Tuesday, 7 August 2012

Sixty Eights

Joseph Losey's Secret Ceremony is a fraught, twisted melodrama bedecked with the talents of Liz Taylor, Robert Mitchum & Mia Farrow. Grieving the loss of her daughter, Taylor's whore befriends a recently orphaned teenager after an encounter on the bus and the pair develop an unnerving, fantastical relationship, each playing the 'role' of their lost loved who they happen to resemble. Cooped up together in the plush manor Farrow inherited, their intense bond is further complicated with the arrival of a predatory Robert Mitchum. This is a dark, wordy film about the dirty interpersonal webs we weave, tear at, then reweave and it's three leads, even Taylor, put in exceptional performances.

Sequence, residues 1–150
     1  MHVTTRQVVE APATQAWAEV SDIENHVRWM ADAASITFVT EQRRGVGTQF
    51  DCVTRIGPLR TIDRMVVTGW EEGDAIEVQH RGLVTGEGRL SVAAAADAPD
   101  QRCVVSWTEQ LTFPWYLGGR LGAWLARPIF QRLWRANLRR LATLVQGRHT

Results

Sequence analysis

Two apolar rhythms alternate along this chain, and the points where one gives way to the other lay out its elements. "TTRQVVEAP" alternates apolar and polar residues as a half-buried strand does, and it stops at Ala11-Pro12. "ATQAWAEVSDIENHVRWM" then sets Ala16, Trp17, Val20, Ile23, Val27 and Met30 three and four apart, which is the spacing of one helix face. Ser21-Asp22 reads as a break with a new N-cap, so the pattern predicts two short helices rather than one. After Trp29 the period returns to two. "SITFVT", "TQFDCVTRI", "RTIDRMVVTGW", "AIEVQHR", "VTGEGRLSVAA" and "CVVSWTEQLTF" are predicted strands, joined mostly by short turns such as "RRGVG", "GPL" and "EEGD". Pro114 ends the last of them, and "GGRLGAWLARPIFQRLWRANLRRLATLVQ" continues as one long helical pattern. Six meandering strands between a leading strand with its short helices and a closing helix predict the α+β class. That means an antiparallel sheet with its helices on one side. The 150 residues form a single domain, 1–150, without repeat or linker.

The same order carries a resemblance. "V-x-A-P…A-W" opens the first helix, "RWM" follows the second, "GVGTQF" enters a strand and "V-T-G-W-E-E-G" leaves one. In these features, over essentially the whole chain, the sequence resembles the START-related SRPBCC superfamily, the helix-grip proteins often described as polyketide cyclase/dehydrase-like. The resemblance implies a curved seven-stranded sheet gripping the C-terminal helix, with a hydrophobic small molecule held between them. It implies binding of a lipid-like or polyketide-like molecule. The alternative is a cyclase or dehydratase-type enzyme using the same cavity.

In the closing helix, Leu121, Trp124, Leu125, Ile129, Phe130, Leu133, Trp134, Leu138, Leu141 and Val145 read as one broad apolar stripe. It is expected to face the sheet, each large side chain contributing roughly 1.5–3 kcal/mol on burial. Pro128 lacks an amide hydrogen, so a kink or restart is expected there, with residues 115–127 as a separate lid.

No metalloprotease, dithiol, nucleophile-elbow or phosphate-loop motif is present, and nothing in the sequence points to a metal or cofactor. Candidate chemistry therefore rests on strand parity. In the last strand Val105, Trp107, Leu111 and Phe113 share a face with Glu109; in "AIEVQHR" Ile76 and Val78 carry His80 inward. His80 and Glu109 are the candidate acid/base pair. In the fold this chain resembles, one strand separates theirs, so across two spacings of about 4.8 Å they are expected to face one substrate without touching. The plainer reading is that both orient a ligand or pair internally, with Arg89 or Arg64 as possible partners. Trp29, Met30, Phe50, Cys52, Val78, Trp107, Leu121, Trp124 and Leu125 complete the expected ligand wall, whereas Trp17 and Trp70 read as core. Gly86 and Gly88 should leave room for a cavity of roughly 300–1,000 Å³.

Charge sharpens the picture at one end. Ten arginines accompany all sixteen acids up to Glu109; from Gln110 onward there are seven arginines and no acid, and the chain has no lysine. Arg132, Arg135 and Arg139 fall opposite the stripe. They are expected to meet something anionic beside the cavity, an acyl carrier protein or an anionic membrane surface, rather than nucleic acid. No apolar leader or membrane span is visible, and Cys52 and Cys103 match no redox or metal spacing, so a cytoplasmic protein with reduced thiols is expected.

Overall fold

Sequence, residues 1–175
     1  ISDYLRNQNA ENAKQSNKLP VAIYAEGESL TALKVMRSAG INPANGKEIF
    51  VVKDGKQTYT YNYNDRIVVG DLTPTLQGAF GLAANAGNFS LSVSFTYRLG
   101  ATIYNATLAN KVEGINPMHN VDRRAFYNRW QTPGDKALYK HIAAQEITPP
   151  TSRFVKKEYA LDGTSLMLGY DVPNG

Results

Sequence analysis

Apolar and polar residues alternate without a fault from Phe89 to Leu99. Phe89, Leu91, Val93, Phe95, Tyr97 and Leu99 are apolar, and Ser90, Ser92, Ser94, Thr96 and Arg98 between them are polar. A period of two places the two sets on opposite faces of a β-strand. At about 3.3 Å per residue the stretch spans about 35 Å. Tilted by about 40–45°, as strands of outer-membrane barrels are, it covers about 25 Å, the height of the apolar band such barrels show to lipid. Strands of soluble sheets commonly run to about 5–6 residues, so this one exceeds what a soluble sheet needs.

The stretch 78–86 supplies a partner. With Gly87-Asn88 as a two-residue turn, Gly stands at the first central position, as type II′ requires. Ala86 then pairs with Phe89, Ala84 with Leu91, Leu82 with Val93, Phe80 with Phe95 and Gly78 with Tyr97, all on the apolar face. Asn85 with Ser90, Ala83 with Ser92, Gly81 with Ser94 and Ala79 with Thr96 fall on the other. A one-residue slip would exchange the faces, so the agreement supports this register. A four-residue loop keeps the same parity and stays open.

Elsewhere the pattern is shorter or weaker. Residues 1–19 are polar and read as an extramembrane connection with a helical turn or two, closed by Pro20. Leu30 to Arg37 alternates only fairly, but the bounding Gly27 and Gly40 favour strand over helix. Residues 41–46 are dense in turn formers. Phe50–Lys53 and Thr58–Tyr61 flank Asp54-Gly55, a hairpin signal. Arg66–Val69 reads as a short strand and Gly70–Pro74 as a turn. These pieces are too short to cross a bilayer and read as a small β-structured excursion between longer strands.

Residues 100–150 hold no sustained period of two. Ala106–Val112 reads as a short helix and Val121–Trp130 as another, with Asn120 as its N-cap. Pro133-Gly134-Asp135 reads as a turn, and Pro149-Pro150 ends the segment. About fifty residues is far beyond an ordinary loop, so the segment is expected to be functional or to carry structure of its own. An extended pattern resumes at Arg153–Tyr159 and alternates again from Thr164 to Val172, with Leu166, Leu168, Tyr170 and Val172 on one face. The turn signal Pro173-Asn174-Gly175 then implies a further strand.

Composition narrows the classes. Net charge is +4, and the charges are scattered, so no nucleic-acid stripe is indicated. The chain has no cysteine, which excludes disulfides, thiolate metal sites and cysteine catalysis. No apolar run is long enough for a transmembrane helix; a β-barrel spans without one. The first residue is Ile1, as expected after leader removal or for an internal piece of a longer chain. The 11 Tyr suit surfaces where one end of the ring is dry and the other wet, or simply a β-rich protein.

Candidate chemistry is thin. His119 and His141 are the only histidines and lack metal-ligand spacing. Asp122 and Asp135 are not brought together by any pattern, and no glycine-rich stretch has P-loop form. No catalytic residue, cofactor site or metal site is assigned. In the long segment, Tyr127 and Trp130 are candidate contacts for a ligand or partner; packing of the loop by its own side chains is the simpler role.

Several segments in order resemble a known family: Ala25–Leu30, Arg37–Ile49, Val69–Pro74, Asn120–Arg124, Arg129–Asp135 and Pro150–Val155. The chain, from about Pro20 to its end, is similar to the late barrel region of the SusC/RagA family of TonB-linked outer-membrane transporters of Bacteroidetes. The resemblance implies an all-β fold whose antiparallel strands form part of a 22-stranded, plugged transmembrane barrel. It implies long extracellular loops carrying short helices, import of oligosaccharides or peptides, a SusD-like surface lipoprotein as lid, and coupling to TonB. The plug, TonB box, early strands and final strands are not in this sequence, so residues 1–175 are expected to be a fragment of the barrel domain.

Otto Preminger's Skidoo is a big studio attempt to cater to 1968's acid crowd but mostly falls flat on it's face in a similar fashion to say, I Love You Alice B Toklas. An aging mobster, played by Jackie Gleason, is forced out of retirement to deal with an errant mobster by God, his eccentric kingpin and a mildly entertaining, faintly psychedelic caper ensues. Sporting a veritable panoply of stars including Groucho Marx, Slim Pickens & Burgess Meredith the comedy is inconsistent, plotting half baked and the LSD trip sequences so cliched and trite that it's immediately obvious that no-one involved had ever had a taste of the good stuff. A spectacular, craptastic failure.

No comments:

Post a Comment